"Florida’s Barbaric, Disgusting Decision to Execute a Prisoner Using an Untested Drug," is by Justin Peters at Slate.
On Tuesday, a convicted murderer named William Happ was strapped to a gurney in the death chamber of the Florida State Prison and executed via lethal injection. Happ was given a three-drug cocktail that included midazolam hydrochloride, a fast-acting sedative that had never before been used in capital punishment. Many observers worried that the untested midazolam might wear off before the other drugs took effect, thus subjecting Happ to excruciating pain. Sure enough, the Associated Press reported that Happ apparently “remained conscious longer and made more body movements after losing consciousness than other people executed recently by lethal injection under the old formula.”
Like many death-penalty states, Florida has nearly exhausted its supply of the popular execution drug pentobarbital, and has been frantically searching for an effective substitute. But while other states have halted their lethal injections until they can resolve this problem—just last week, Missouri postponed the execution of Allen Nicklasson due to concerns over the efficacy of the substitute drug propofol—Florida decided to forge ahead and deploy this untested drug. The state’s haste is barbaric and disgusting, and it sends a clear and chilling message: In Florida, the death penalty has less to do with justice than vengeance.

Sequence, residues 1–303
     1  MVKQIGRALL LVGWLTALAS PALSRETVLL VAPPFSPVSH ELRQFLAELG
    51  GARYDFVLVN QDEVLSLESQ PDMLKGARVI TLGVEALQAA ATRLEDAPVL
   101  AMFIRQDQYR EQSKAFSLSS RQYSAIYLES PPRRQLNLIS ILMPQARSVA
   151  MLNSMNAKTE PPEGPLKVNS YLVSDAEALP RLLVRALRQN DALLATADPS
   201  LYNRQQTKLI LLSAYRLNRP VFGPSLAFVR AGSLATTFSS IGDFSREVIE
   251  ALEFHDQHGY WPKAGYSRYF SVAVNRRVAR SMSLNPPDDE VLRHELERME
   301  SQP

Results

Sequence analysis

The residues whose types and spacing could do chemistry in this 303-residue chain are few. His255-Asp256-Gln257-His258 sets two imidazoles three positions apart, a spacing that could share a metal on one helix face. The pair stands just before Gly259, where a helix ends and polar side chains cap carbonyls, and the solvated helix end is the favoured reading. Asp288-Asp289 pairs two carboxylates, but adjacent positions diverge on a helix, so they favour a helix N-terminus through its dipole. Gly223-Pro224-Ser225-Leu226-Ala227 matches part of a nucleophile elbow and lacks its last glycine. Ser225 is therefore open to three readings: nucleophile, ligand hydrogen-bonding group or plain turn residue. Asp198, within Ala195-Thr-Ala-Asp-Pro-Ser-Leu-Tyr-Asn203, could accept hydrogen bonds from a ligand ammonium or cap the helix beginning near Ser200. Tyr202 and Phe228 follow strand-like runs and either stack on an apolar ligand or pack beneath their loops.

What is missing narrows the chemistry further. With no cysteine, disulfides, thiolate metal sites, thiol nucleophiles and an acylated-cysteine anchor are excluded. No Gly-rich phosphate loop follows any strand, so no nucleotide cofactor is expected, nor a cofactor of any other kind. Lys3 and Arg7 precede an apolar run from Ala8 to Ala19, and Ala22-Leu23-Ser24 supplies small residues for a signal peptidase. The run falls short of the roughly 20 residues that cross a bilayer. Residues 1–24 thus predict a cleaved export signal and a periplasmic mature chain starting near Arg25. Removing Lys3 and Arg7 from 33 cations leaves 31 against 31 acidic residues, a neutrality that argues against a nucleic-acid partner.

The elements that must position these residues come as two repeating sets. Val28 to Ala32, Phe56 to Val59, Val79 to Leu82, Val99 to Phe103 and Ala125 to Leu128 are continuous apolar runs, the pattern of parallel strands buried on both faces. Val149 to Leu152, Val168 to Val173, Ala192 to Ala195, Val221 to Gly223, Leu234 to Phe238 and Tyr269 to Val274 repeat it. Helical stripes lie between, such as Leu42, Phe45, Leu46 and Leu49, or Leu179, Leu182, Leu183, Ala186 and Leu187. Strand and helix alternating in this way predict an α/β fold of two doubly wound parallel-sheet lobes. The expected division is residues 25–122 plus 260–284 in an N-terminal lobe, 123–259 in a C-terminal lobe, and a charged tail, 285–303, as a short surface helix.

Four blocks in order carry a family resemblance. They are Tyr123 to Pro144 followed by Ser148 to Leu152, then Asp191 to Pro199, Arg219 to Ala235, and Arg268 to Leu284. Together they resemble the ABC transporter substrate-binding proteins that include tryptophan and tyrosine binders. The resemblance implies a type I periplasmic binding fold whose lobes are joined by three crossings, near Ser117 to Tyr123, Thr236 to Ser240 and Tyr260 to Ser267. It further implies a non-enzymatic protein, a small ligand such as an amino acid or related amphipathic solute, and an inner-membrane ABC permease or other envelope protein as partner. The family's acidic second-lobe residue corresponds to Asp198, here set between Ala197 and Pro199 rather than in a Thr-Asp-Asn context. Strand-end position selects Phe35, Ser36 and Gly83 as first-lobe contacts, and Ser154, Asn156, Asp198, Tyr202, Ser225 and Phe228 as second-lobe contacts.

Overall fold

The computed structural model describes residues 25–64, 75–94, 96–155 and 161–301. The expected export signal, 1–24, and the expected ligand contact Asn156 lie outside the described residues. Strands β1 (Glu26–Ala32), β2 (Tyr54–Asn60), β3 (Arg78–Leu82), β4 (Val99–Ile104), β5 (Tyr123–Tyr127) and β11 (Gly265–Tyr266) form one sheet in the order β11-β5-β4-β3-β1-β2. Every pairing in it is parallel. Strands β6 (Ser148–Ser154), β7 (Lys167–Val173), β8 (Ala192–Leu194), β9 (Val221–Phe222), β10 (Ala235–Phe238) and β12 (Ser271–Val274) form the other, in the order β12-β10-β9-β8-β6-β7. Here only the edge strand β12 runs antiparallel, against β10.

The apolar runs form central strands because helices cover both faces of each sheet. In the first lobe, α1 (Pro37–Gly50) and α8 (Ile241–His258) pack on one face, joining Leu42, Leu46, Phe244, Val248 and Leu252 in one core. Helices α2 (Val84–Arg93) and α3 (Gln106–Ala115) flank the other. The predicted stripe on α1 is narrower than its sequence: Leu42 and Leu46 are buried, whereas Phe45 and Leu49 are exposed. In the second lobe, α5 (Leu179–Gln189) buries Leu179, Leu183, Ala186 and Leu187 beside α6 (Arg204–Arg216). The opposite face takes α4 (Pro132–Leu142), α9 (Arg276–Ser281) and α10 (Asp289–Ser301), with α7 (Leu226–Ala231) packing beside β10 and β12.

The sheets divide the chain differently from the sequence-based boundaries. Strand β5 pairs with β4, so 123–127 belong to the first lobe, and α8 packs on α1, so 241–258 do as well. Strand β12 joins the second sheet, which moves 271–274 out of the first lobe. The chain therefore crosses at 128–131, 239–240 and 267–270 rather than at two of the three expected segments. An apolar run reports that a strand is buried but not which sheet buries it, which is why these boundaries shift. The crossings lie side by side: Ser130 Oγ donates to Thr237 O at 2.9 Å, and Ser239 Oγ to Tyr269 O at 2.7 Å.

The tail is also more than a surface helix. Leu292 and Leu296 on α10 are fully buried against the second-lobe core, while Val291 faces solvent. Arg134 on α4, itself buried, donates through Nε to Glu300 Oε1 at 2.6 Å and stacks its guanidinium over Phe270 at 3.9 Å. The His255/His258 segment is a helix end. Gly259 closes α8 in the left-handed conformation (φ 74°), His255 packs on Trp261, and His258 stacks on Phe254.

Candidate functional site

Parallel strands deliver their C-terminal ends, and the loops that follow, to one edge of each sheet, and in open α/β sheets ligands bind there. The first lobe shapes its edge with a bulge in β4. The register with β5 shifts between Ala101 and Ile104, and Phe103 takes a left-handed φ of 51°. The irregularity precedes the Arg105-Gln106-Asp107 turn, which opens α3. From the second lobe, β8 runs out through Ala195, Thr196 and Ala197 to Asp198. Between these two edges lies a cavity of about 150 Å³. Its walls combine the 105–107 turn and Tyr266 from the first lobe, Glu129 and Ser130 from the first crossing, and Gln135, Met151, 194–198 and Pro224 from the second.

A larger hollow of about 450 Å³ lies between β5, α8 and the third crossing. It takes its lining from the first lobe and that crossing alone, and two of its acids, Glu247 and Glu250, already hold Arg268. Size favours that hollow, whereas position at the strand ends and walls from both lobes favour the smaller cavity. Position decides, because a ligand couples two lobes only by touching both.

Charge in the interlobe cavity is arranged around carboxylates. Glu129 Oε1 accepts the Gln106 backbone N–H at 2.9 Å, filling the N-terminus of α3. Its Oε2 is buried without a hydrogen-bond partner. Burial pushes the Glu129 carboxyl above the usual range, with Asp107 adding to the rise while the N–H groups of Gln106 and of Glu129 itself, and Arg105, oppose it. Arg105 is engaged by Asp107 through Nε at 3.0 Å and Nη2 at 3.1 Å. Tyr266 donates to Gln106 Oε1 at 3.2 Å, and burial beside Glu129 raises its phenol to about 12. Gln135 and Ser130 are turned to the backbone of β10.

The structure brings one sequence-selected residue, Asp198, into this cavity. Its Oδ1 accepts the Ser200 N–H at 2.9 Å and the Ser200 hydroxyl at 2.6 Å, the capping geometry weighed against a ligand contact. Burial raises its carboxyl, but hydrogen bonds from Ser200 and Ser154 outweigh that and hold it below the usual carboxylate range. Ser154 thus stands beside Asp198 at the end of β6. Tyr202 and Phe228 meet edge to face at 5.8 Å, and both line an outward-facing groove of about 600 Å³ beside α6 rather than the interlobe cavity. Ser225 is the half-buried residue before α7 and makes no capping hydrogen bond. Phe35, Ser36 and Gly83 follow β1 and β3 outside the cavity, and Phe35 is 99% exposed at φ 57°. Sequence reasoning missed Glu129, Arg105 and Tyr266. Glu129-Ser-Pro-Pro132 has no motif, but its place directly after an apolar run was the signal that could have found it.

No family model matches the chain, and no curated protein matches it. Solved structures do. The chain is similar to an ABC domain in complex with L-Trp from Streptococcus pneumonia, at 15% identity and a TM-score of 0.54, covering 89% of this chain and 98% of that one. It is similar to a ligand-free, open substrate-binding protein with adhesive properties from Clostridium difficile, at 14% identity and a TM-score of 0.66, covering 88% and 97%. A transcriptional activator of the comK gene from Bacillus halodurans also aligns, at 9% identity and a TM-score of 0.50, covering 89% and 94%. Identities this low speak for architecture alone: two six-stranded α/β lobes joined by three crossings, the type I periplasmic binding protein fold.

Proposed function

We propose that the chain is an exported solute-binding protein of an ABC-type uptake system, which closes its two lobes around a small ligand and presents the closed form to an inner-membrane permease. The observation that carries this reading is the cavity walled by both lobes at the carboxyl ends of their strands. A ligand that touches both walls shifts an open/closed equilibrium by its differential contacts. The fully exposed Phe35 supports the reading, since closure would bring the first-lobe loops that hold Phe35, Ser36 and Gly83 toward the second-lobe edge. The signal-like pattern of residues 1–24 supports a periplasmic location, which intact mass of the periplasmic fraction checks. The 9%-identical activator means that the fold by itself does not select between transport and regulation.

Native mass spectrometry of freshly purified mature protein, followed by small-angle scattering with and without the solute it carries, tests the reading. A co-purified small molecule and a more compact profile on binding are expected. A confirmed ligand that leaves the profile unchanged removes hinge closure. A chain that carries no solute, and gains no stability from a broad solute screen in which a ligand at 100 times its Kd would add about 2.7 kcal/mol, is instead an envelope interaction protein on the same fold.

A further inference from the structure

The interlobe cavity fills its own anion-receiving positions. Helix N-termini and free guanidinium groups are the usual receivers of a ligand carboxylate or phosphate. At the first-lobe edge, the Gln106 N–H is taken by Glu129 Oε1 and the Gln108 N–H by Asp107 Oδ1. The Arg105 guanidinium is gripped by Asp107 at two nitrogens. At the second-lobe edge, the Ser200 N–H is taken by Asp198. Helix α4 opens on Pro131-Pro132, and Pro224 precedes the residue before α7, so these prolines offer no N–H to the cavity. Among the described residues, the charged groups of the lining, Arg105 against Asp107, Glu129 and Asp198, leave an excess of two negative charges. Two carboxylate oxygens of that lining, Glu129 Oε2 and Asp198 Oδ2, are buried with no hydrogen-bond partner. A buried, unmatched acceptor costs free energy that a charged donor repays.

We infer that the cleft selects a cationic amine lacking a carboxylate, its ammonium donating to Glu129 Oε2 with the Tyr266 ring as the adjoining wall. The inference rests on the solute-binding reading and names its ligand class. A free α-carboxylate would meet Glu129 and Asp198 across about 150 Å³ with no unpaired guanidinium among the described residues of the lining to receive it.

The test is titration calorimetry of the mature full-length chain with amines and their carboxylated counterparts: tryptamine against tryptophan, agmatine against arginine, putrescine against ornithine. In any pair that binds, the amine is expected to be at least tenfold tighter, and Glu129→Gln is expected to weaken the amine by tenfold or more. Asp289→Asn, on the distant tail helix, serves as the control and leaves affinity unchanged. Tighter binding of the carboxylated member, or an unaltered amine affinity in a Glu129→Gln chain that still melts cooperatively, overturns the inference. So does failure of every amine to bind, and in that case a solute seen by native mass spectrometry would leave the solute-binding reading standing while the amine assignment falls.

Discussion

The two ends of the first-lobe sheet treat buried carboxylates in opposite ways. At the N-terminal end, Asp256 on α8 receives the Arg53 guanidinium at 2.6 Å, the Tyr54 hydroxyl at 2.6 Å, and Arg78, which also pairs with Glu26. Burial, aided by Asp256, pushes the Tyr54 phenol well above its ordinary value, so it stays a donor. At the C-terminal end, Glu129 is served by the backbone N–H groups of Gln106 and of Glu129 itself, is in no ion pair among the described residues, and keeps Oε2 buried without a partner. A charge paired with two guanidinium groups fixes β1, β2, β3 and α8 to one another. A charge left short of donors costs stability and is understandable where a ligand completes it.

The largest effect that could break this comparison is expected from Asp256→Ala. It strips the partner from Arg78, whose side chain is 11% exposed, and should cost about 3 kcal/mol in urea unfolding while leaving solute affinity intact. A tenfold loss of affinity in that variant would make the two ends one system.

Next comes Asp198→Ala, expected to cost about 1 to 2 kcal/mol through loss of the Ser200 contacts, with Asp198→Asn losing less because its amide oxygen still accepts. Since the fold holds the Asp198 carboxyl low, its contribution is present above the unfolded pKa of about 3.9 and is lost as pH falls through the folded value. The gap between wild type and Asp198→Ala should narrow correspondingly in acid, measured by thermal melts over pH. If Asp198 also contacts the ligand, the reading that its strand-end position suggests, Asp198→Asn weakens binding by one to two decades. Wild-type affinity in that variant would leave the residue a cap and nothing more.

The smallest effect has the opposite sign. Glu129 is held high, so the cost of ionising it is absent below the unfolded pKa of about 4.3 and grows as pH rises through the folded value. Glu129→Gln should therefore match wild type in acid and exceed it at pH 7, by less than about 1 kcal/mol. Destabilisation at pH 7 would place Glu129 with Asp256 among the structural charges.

The death penalty is currently legal in 32 states, and in all of those states, lethal injection is the primary execution method. Lethal injection was first used in America in 1982—in Texas, naturally—and was seen as a more civilized method of execution than the gas chamber or the electric chair. “We said this is really ridiculous. We kill animals more humanely than we kill people,” Dr. Jay Chapman, the father of the modern lethal-injection process, remembered to CNN in 2007.
Earlier coverage from Florida begins at the link.